The following information is a summary of an article on stroke and rehabilitation from the National Stroke Association. For the full article visit their website at:

Recovery & Rehabilitation

Current statistics indicate that there are more than 7 million people in the United States who have survived a stroke or brain attack and are living with the after-effects.

Early Recovery

There’s still so much we don’t know about how the brain compensates for the damage caused by stroke or brain attack. Some brain cells may be only temporarily damaged, not killed, and may resume functioning. In some cases, the brain can reorganize its own functioning. Sometimes, a region of the brain “takes over” for a region damaged by the stroke. Stroke survivors sometimes experience remarkable and unanticipated recoveries.

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Several studies show that hypnosis is effective in recovering from stroke (only the abstracts from the studies have been reproduced here)

Hypnosis for Rehabilitation After Stroke: Six Case Studies

In: Contemporary Hypnosis 23(4): 173-180 (2006). DOI: 10.1002/ch.319

Solomon G. Diamond (Harvard University, Massachusetts General Hospital); Orin C. Davis(Massachusetts General Hospital); Judith D. Schaechter (Massachusetts General Hospital); Robert D. Howe(Harvard University).


This report presents qualitative accounts from a pilot clinical study of six chronic stroke subjects. Our hypothesis was that a hypnotic procedure would help overcome learned nonuse, which is thought to contribute to impaired motor function of the paretic upper limb in chronic stroke patients. The hypnotic procedure involved selecting motor tasks that would challenge each subject, then (1) imagined practice of the challenging motor task revivified from prior to the stroke alternated with imagined practice in the present; (2) imagined practice in the present alternated with imagined practice during active-alert hypnosis; and (3) active-alert imagined practice alternated with actual physical performance. We observed qualitative improvements in motor function related to increased range of motion, increased grip strength, and reduced spasticity of the paretic upper limb. Subjects consistently reported an improved outlook, increased motivation, as well as greater awareness of and decreased effort to perform motor tasks with the paretic limb. (Copyright © 2006 British Society of Experimental & Clinical Hypnosis. Published by John Wiley & Sons, Ltd.)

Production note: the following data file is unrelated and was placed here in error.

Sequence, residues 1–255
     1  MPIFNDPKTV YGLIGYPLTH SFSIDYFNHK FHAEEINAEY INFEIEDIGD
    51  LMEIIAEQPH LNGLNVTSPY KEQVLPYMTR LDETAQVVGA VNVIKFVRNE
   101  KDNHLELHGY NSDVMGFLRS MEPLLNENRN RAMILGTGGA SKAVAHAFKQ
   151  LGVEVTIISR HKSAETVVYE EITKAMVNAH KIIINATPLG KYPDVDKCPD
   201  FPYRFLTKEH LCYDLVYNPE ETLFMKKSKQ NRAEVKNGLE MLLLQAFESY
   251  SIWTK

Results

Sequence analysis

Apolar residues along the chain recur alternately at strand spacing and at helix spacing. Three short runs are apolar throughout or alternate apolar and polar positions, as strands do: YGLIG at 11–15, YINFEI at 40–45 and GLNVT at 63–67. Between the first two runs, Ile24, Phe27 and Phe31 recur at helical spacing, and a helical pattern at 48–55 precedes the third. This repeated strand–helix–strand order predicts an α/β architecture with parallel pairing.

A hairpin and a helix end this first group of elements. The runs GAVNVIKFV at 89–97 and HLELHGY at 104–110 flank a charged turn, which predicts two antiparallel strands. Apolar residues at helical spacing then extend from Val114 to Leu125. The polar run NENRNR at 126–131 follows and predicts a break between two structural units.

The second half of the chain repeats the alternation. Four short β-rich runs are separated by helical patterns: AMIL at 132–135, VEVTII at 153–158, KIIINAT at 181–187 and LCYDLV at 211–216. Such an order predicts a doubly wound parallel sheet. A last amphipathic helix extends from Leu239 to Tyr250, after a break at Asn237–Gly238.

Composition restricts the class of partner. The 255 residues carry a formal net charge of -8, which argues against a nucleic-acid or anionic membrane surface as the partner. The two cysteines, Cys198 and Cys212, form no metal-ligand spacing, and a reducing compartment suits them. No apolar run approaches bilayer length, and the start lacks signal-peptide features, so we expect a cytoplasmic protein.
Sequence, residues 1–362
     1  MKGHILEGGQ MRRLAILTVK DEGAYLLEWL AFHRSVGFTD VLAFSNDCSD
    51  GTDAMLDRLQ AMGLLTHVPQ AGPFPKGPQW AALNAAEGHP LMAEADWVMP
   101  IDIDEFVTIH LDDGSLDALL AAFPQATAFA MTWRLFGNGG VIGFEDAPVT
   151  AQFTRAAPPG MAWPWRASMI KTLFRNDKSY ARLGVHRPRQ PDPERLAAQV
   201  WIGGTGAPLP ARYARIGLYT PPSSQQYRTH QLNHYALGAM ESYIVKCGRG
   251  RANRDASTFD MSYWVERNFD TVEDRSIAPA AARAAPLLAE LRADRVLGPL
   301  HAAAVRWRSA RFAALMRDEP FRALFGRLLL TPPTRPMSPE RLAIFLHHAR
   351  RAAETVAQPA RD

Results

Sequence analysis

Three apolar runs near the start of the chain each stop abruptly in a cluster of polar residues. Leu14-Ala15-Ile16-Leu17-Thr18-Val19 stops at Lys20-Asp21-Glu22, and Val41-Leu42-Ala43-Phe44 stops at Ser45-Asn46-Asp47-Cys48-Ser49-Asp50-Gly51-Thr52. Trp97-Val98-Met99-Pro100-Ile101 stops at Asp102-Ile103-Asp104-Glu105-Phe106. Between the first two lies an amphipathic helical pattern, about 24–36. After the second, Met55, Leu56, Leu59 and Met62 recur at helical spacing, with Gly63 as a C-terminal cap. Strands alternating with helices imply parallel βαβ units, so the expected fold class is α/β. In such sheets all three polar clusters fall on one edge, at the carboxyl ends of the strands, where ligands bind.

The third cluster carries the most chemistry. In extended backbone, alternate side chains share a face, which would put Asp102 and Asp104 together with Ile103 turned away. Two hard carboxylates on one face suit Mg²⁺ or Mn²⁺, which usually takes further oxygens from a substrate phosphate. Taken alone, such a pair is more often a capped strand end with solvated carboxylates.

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Talking to the Senses: Modulation of Tactile Extinction through Hypnotic Suggestion

Angelo Maravita, Mario Cigada, and Lucio Posteraro Front Hum Neurosci. 2012; 6: 210. Published online 2012 July 17. doi: 10.3389/fnhum.2012.00210 PMCID: PMC3398471